Thursday, February 15, 2018

Dominic Hodgson ~ guest post and his novel The Archk of Angels

TITLE: Archk of the Angels: The Ragnarök Chronicles 2
AUTHOR: Dominic Hodgson
CATEGORIES: Science Fiction/Fantasy
ISBN: 978-1974034307
IMPRINT: Devil’s Tower

KEYWORDS: young adult; sci-fi; fantasy; horsemen of the apocalypse; supernatural; time travel; space ships

Before there was time, there was the hunt.

Few who live in the Alpha Realm truly appreciate the nature of time. Few realise that it’s a current of energy flowing through the multiverse, originating from an ancient artefact: the Archk of Angels. Those that do know may now be threatening it all.

Philip Quint’s life was turned upside down when he learned the truth of what he was. As a Mancynn, a person who can manipulate reality thanks to artificially-enhanced genetics, his supposed destiny was to work as emissary for the Brethren Lords as they used the Earth in their plot against the godly Entities. However, after fellow Mancynn Noah Mason freed him from their influences, Philip and his companions took to uncovering Lord Gryal Repa’s insidious operations.

With events having gone downhill in Egypt, Philip must now find his mysteriously-disappeared friends, avoid the authorities across America and take part in an Entity mission traversing time to find the coveted Archk before the now rivalling Brethren Lords do. But other threats lurk in the shadows, and throughout their journey one detail remains uncertain: into whose hands should the Archk really be allowed to fall?

With ‘The Archk Of Angels’ being a sequel, the writing process inherently involved building on the universe established in ‘Gift Of The Mancynn’. One of the big ways I did this in this case was by introducing elements that had previously been name-dropped in the first book, such as the Archk and certain alien races, thus giving the reader actual reference points for these words. I already had ideas for how the different species would look, as well as important points in their respective histories that would have shaped who they are at this point in the timeline, so the main creative development from my point of view was the matter of coming up with their languages. I’d established in the first book that if it makes sense that a character would not be speaking English, I would use the proper language, so long as there were enough contextual factors to make their lines understood (unless everyone in the scene spoke it, in which case I could write it in English and indicate in the surrounding text that that wasn’t what they were actually speaking). This of course was for the examples of French, Spanish, Russian etc. though. Now was the time to devise words from scratch. However for the majority of these cases, the latter clause from above could be used, meaning I could get away with just saying they were speaking in their native tongues. This predominantly left their names. As with all the words I make up in general, it starts with me just randomly producing strings of syllables and seeing what sounds right. As a next step to this, each race would have their own inclination towards the types of words they would use, depending on anatomical limitations to the noises they could make, how they’d be predisposed to speak and any other defining factors I might arbitrarily decide to throw in. For instance, the Braknagh workers would have names comprising of two parts, separated by an apostrophe, one part being shorter than the other. The Asnemwoi actually have two dialects, one filled with harsh-sounding consonants and the other being much more mellifluous. Lastly (for the ones I’ve done so far), the Polanzia’s language doesn’t have any words longer than three letters, except for significant exceptions. These will have a dash separating the letters in a one-two or two-one split, and the overall sound should be pronounceable in the form of a swift click. Okay, maybe click isn’t the perfect word, but I have no idea how to better put it into words. Other than that, any fictional words of mine are likely to be twisted versions of real mythological words, my attempts at veiled references to the tales these events are linked to, as inferred by the series title ‘The Ragnarök Chronicles’. We’re slowly making our way towards it. And speaking of veiled references, I will go on record to say that almost all of the character names presented in my books have some significance to them, be they nods to more mythological origins, or mostly just as little Easter eggs to things not relevant to the main plot. It’s just me having a bit of fun. I like mysteries and hidden details in things. I can only hope that someday somebody will be interested enough to go and work out what they mean for the simple sake of that desire to know.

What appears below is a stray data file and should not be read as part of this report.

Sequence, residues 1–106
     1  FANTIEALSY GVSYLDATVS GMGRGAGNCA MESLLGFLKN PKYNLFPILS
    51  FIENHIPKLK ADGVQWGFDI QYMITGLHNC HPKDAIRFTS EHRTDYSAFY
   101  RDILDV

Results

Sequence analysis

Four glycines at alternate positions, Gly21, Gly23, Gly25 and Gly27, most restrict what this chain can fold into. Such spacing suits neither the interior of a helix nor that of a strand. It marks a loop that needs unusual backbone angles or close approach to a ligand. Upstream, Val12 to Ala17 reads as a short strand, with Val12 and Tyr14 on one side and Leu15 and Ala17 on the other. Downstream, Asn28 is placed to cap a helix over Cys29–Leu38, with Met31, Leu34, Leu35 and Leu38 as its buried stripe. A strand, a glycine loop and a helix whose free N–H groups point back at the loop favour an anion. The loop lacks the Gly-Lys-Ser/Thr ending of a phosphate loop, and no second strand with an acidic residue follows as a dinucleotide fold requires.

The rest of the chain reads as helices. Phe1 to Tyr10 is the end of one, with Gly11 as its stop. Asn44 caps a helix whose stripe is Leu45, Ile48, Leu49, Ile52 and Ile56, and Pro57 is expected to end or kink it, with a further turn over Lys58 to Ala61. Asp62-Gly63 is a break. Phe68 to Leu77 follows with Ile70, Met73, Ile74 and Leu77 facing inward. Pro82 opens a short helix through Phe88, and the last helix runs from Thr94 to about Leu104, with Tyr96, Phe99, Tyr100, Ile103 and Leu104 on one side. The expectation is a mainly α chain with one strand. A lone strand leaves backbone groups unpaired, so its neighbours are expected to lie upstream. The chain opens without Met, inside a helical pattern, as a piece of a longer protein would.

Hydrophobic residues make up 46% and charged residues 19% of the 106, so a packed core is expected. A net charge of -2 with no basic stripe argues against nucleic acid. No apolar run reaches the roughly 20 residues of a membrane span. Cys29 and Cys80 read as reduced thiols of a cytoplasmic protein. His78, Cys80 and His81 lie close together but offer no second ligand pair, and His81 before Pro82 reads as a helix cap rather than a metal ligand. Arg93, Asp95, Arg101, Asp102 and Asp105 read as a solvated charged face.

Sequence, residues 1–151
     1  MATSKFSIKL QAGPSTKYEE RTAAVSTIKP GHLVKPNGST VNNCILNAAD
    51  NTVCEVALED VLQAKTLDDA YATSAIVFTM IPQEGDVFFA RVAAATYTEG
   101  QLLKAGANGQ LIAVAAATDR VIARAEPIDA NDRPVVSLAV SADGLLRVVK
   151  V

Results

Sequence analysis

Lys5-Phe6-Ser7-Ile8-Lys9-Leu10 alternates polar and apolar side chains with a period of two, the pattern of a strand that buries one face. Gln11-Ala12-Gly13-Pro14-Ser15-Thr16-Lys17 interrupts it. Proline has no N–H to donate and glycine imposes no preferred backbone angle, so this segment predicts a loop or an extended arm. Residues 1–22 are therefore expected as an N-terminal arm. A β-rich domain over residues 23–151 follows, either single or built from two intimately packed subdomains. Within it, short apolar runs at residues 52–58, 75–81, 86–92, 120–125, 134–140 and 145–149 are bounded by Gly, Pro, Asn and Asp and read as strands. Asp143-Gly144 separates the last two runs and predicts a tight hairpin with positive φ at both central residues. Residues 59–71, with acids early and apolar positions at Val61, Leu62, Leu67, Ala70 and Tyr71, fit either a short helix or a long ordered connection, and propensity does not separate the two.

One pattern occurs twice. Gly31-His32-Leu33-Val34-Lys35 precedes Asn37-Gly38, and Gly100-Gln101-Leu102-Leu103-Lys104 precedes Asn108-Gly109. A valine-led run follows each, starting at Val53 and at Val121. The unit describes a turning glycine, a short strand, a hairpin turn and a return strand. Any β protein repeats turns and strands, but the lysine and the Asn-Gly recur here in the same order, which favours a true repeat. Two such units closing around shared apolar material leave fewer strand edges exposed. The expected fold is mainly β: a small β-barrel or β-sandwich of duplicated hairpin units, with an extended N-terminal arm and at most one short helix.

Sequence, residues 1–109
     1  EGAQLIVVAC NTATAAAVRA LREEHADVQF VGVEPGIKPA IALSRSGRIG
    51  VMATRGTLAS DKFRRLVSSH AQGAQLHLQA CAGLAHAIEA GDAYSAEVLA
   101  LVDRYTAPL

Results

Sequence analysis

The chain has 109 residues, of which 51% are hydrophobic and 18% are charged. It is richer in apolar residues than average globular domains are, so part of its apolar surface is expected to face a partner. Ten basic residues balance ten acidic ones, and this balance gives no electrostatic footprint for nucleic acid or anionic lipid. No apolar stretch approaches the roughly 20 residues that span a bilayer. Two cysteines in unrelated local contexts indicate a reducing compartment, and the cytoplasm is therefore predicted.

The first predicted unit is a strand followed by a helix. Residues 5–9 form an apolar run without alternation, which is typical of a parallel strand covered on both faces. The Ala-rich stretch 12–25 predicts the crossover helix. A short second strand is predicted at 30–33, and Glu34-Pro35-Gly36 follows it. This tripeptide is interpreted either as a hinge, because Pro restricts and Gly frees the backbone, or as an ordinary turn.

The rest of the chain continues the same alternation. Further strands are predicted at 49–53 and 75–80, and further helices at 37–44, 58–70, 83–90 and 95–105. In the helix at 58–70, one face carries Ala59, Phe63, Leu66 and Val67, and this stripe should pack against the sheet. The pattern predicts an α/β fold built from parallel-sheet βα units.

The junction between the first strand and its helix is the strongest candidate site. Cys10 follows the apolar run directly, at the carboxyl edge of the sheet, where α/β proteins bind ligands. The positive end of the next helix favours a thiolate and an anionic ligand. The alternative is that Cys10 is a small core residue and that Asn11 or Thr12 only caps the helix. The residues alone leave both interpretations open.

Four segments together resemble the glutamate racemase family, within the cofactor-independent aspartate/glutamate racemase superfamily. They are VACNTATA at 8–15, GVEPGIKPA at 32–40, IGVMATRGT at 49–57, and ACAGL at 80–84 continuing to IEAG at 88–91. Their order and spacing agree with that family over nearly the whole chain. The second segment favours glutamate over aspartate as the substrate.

As a student of English with Creative Writing and as a self-proclaimed geek, it has long been my ambition to write novels, especially in the science-fiction genre. A lot of my time is spent, whether I want it to be or not, impulsively devising stories of various kinds, some of which invariably pique my interest. Over time these tales seemed to begin to fall into place with one another, forming an interlinking multiverse of adventures. Thus The Ragnarök Chronicles was born. A collection of short series building up to the eponymous Ragnarök, these are the stories that I attribute most of my spare time to realising. Moving into the future, whatever life has in store for me, I aim to continue writing as much as I can, be it as part of this series or something original, be in on the page or maybe even someday on the screen. I only wish to give others the chance to share in my imaginings if they so wish. After all, what’s life without its stories?



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